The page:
3. Select an RSRB router to be migrated and delete the source-bridge remote-peer commands (and any related commands such as SDLLC, SR/TLB, proxy explorer, and NetBIOS name caching that are no longer required).10

4. At the same router, add the appropriate dlsw local-peer command and a dlsw remote-peer command pointing to the DLSw+ peer on the de-encapsulation ring.

5. Add a dlsw remote-peer command pointing to every router already converted to DLSw+.

6. To every router already converted to DLSw+, add a dlsw remote-peer command pointing to the router you just converted to DLSw+.11

7. Remove the source-bridge remote-peer command that referred to the router you just modified from all the RSRB routers, including the RSRB router on the de-encapsulation ring.

8. Repeat Steps 3 through 7 for the remaining RSRB routers.

Step 7 does not have to be performed immediately; RSRB will be slightly degraded until it is done, because RSRB attempts to connect to a peer that is no longer there, but it will continue to work for all existing RSRB devices. Because Steps 6 and 7 require visiting the configuration of all devices in the network, you might choose to migrate a batch of routers and do the corresponding updates for the entire batch at once.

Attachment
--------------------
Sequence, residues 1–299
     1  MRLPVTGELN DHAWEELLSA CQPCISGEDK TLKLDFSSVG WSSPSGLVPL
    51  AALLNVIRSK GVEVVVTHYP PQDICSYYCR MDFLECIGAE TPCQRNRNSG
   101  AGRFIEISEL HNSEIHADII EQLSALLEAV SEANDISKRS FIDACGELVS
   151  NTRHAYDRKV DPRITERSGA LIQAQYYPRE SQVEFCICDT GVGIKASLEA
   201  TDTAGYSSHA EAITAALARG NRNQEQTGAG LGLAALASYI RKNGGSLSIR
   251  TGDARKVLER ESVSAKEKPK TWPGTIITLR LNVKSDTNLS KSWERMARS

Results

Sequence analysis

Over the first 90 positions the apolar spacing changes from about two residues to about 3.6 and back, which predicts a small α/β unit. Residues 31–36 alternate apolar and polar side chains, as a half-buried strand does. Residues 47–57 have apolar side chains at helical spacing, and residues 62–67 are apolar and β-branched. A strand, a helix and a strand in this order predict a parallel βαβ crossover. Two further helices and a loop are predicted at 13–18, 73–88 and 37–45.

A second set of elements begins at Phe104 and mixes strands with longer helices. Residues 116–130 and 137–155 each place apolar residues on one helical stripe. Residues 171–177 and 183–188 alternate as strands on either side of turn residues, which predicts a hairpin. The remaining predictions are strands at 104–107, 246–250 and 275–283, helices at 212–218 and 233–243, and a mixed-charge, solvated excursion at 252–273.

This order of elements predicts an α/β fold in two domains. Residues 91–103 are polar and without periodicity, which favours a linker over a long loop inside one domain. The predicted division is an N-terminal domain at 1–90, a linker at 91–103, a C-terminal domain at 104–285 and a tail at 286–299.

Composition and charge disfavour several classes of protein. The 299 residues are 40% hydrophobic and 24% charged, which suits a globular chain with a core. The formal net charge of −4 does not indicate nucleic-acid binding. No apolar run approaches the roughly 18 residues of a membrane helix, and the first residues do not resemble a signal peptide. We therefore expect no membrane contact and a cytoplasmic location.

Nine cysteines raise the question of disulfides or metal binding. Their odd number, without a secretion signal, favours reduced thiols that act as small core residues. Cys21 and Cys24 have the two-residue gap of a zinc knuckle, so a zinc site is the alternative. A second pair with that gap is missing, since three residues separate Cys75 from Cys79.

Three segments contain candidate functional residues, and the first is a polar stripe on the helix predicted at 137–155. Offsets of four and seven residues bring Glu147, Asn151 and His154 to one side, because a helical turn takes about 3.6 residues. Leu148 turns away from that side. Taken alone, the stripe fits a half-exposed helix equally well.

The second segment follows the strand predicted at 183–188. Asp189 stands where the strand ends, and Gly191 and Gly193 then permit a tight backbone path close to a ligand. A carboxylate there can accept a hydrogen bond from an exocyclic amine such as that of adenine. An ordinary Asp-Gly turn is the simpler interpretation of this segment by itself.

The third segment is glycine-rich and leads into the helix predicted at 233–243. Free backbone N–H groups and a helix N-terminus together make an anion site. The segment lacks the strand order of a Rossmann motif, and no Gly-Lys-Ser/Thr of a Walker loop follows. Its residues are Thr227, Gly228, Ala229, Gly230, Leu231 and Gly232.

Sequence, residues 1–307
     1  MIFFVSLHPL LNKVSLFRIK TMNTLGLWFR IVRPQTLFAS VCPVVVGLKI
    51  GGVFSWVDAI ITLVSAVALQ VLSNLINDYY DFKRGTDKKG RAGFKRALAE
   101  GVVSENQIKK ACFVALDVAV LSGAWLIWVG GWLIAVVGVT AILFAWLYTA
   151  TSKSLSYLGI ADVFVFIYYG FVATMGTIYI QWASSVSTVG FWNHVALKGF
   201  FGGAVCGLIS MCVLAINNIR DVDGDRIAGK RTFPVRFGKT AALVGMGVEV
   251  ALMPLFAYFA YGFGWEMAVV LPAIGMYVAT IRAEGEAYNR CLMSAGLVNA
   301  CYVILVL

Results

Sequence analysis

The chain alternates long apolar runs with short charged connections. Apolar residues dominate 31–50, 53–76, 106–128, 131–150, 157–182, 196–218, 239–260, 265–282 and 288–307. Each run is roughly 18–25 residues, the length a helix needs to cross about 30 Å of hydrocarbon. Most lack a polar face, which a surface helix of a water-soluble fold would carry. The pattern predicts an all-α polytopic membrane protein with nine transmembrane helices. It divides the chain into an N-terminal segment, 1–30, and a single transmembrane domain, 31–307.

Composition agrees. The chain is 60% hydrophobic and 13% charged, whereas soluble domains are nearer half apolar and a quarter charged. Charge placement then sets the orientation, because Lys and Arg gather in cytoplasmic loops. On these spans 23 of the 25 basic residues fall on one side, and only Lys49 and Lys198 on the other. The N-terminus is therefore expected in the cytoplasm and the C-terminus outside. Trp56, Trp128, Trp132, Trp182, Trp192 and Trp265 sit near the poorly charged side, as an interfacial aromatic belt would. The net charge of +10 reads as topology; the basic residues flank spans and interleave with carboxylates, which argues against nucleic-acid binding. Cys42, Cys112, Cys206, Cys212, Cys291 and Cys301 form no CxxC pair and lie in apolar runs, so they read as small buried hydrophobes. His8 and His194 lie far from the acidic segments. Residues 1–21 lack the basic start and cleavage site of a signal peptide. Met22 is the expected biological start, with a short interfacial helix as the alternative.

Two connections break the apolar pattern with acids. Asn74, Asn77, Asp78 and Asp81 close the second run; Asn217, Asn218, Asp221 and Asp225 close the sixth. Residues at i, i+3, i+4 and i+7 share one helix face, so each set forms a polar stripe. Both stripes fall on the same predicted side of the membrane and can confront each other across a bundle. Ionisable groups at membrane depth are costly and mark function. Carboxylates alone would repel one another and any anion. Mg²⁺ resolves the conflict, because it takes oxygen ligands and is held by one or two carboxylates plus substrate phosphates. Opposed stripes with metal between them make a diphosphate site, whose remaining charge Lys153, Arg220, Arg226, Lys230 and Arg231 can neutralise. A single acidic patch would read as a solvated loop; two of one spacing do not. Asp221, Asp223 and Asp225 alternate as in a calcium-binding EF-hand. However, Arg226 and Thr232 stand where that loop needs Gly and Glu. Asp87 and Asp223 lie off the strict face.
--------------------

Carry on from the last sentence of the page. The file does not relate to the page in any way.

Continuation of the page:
At some point in the migration, you might find that either the one RSRB device or the one DLSw+ device on the de-encapsulation ring is insufficient to handle the load required of it. Because the RIF is not terminated in RSRB, it is safe to add additional RSRB peers to the de-encapsulation ring to help divide the load. Because all the RSRB peers within the same cloud share a ring-group number, it is clear that one peer will not read in frames originating from another RSRB peer; furthermore, no RSRB peer will put a frame onto the de-encapsulation ring that has already traversed it. Additional DLSw+ peers can be added to this ring to handle additional load as well; however, more caution must be used than in the RSRB case. DLSw+ permits different ring-group numbers to be used in the same DLSw+ cloud. It is important that all DLSw+ peers sharing this ring use the same ring-group number to avoid explorer looping. Also, because DLSw+ terminates the RIF, it is unable to determine whether an explorer it receives via its peers has traversed the ring already. Because of this, it is important that DLSw+ peers not be peered directly to each other if they are both directly attached to the de-encapsulation ring.